Richard Fontana has written an article talking about the Harmony agreements using the idea that "input = output" for Open Source projects. I think this is a misunderstanding of Open Source that lies at the foundation of his argument. Motivations of many contributors to Open Source projects are because their contribution enables them to use a large corpus of functionality for relatively small amount of work. Perhaps a better equation would be:
Let's look to the example of someone getting a new laptop that would perhaps not have a keyboard driver in Linux. That person would have the choice of writing or paying someone to write that driver for their laptop. What would they get in return? They'd get a fully functioning kernel with world-class functionality across a variety of subsystems. I don't think that we could say that the size of the contribution was equivalent to the amount of benefit.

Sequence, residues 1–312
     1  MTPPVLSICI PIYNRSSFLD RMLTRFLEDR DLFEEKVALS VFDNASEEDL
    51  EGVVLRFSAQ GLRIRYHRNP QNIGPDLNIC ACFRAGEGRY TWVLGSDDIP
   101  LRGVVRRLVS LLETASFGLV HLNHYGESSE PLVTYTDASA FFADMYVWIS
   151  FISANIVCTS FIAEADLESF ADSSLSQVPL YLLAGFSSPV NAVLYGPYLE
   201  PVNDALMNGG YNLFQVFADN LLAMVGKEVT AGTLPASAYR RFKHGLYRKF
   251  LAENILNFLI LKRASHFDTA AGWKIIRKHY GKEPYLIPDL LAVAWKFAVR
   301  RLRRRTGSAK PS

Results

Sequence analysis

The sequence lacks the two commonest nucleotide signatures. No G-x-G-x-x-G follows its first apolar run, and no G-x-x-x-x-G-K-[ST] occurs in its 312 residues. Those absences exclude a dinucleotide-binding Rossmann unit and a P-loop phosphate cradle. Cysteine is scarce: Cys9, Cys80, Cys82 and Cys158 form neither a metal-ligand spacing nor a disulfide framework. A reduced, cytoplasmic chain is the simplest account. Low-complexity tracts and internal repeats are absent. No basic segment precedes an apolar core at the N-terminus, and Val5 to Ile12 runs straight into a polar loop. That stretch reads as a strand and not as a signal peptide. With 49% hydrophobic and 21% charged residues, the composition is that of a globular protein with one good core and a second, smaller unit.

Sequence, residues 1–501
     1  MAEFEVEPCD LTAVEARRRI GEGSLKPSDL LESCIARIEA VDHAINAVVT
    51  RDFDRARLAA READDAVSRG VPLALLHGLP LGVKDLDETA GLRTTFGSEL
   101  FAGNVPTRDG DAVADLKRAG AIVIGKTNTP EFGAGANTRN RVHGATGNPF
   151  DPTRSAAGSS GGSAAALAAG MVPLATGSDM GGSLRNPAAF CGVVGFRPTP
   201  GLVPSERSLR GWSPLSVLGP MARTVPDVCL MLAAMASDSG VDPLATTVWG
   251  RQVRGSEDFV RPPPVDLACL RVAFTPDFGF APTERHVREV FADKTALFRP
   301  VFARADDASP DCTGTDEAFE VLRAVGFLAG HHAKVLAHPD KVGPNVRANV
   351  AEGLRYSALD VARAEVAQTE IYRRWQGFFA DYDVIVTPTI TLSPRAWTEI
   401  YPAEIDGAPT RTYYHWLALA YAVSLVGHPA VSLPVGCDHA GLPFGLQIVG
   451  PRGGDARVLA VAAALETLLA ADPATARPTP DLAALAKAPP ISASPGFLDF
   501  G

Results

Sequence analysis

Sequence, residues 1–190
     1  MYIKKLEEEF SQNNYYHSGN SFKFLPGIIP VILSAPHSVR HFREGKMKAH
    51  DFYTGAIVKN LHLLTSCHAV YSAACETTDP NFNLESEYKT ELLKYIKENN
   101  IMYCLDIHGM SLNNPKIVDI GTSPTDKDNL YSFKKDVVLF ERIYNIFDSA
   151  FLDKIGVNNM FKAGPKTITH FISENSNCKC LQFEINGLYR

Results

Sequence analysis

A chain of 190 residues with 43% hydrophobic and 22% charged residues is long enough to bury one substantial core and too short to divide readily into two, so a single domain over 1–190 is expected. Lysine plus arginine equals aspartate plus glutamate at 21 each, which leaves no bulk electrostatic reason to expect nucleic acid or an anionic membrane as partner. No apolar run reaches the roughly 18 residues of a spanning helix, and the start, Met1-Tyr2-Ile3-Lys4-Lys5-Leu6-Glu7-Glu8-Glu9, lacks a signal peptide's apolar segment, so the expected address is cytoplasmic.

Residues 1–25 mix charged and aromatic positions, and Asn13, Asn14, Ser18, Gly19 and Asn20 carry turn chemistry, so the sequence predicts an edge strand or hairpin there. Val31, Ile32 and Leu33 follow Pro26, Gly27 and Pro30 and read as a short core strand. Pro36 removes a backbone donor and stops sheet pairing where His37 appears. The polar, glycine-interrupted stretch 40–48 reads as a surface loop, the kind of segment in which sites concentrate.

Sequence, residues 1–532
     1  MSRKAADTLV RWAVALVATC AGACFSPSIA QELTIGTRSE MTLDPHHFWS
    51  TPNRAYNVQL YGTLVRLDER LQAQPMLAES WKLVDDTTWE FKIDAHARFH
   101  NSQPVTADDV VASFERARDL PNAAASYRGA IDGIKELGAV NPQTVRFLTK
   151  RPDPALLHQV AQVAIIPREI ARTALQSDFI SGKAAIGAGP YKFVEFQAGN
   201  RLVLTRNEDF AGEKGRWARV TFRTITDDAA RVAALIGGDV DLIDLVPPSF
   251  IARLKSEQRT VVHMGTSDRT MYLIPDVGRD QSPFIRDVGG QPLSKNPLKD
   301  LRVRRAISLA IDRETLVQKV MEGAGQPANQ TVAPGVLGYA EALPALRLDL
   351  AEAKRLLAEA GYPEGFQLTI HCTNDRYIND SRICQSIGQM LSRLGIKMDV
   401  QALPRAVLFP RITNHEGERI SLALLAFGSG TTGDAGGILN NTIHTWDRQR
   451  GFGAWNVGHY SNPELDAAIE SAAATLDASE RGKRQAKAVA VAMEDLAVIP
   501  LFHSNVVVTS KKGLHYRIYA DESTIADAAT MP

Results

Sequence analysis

This is a very good thing. This is what makes Open Source interesting to me. It's a group of people coming together with differing interests and goals with the desire to make something greater than what they could on their own. And there's trade-offs, not everyone can get all of what they want, but they all realize working together makes all of their contributions more noteworthy. The essence of their collaboration, the project itself, is what makes the Open Source great more than any individual commit or contribution.
If our goals are to make Open Source projects better, stronger and more competitive in difficult software world we should focus on how to create better projects instead of prioritizing the desires of small contributors.
Now, because I work for a company that's considered to be pushing CLA's I think it's important to reiterate that the opinions on this blog have always been my own. They always will be. Trust me, I'll get something at canonical.com for official stuff if I ever need it.
posted on Fri, 08 Jul 2011 at 10:33 | permanent link